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We provide fun, challenge and adventure to over 1400 young people in North Lancashire – #SkillsForLife

Cub relates his first camping experience

The Wolf Cub’s Handbook By Lord Baden-Powell of Gilwell (1949)

Love this – what Scouting is all about. Will evoke a lot of memories I’m sure. . .

Heywood Advertiser 10 August 1962:

THE Wolf Cub section of the Boy Scout movement caters for boys between the ages of eight and eleven years. Invariably they are boys full of enthusiasm and healthy vigour. To them the word “camping” is as attractive as is a scented flower to a busy bee on a summer day.
Camping for Wolf Cubs is, however, the exception rather than the rule. Occasionally the members of a Cub Pack are so persistent in their demands to go to camp that the Cub leaders must accede to their request, and so the Cub Pack goes to camp.

Of course the Scouts help their younger brothers, the Cubs. The Scouts prepare the camp, help in the day to day tasks and keep the experienced eye on things. The Cubs, after a first night of little or no sleep, enjoy their camping and really have quite a whale of a time. Have you wondered what a first-ever camp is to a Wolf Cub! Let us try to show you!

Recently the Cubs of the 1st Heywood (St. John’s) Pack sampled the proverbial joys of camping. Following the camp the officers asked the Cubs to write of their experiences – and what a grand response from the Cubs! “White Eagle” considers it a privilege to read some of their efforts and here we have one of the best – from Wolf Cub D. Scholes**. Remember, dear reader, the age group, and realise that “White Eagle” has scarcely altered his words at all!

Praiseworthy mention, too, of the efforts of John Isler and James Phillips. Perhaps we shall use their work in the winter days ahead.

Off to camp
“On Friday, at seven p.m. me and John Butterworth came up to St. John’s; there were ten Cubs going to camp!
“John and I went up to the camp site first, with the Scouts to put the tents up. When we had got the tents up a few more of the Cubs arrived. Andrew Cowman came last and missed most of the work.
“There were two different food shelters, one for the Magpies and one for the Woodpigeons. I was in the Woodpigeons and there were six Cubs in our tent and four in the Magpies who also had an officer. We had not got an officer as it would have been too crushed.

Early to bed
“For supper we had cocoa and biscuits. All Friday night I never got to sleep – I couldn’t because all the others were talking. Now, and then, someone would shout ‘Shut up’! All through the night John Butterworth kept sticking his head out of the tent and saying ‘There is a ghost coming.’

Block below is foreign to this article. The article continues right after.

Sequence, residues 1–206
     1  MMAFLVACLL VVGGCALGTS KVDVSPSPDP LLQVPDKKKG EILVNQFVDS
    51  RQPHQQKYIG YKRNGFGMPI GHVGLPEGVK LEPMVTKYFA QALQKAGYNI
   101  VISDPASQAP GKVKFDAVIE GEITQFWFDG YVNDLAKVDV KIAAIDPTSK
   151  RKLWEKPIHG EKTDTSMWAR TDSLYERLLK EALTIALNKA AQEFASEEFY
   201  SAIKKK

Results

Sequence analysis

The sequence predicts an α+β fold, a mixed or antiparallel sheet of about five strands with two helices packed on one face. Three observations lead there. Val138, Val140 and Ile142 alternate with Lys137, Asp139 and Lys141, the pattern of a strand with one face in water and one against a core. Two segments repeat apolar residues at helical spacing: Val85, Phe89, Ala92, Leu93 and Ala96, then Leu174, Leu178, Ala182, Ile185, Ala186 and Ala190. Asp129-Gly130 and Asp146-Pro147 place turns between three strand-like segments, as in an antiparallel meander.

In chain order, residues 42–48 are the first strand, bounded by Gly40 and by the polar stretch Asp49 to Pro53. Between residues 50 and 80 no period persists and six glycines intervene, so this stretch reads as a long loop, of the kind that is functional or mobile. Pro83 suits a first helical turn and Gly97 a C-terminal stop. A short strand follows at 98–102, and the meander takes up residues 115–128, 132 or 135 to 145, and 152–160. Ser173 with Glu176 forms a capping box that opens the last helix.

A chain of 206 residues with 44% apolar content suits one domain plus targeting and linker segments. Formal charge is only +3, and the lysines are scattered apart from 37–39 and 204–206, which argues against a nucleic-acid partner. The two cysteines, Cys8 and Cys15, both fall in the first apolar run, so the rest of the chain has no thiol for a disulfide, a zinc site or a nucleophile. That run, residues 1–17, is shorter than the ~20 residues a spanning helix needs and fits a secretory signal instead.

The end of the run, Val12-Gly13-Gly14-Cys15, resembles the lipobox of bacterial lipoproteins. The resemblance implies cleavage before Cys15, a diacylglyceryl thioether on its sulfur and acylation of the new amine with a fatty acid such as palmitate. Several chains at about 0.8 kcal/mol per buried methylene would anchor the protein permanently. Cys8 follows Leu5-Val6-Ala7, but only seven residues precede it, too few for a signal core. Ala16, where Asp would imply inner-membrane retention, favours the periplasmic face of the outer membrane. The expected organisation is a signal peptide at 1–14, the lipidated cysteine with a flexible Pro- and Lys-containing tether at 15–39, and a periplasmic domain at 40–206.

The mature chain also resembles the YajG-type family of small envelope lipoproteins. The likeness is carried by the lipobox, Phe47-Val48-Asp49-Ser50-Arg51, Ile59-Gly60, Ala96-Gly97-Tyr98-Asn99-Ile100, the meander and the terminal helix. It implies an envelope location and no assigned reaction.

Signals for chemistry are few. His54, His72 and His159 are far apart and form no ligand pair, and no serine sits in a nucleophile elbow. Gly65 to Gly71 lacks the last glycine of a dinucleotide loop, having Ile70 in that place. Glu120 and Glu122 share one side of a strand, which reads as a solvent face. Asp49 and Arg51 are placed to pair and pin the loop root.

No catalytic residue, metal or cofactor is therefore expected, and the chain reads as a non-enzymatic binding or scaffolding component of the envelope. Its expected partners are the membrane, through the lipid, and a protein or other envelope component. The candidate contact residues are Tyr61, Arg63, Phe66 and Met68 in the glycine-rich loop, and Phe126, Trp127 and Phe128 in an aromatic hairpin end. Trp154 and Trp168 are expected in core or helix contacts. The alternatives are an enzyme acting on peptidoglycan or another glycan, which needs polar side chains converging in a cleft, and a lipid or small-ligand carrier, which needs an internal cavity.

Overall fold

Early to rise
“In the morning all the Woodpigeons were up and having their breakfast at five o’clock. Saturday morning was jolly cold so we washed ourselves in warm water. To fetch the water we had a canvas bucket.
“Later in the day at half past four we all went for a wash but James Phillips was on orderly duty. He thought he could not come with us, but when he had finished he came after us but could not find us until we had finished and were coming back. Then he saw us and started shouting ‘Clive Wilks has fell in the water!’ And he had to go back and get changed.

A camp-fire
“The mother of one of the Cubs in our tent came and she gave toffees to all the Cubs. My mother and father came to see me on Saturday night. That night we had a camp-fire and we had black peas and biscuits. James Phillips did the St. John’s Scout cry. We sang; all songs I didn’t know.
When we went to bed that night we all fell asleep.

A Cub day in camp
“About half-past seven I woke up but everyone was asleep so I went to sleep again. About eight o’clock I heard someone talking so I woke up and saw the others talking. John Butterworth and Alan Greenwood were fast asleep. I hit John and he woke up.
“We all had our breakfast. Then we brought our ground sheet out of the tent and tidied up all our things and after we had broke the flag we had inspection. Baloo told us we were having something for dinner and we had something like dumplings, only mixed with meat and potatoes and gravy.
“After dinner we went trying to make a swing, and climbing the hill with rope, and sliding down on our seat. Then we tied a rope from one tree to another. I asked Baloo if I could go to the shop for some pop. Then we had tea which was salad.
Then my dad came and all the mothers and fathers and we all went home.”

By “White Eagle”.

** Probably David Lawrence Scholes born 1952, son of Derek Scholes and June nee Ingham.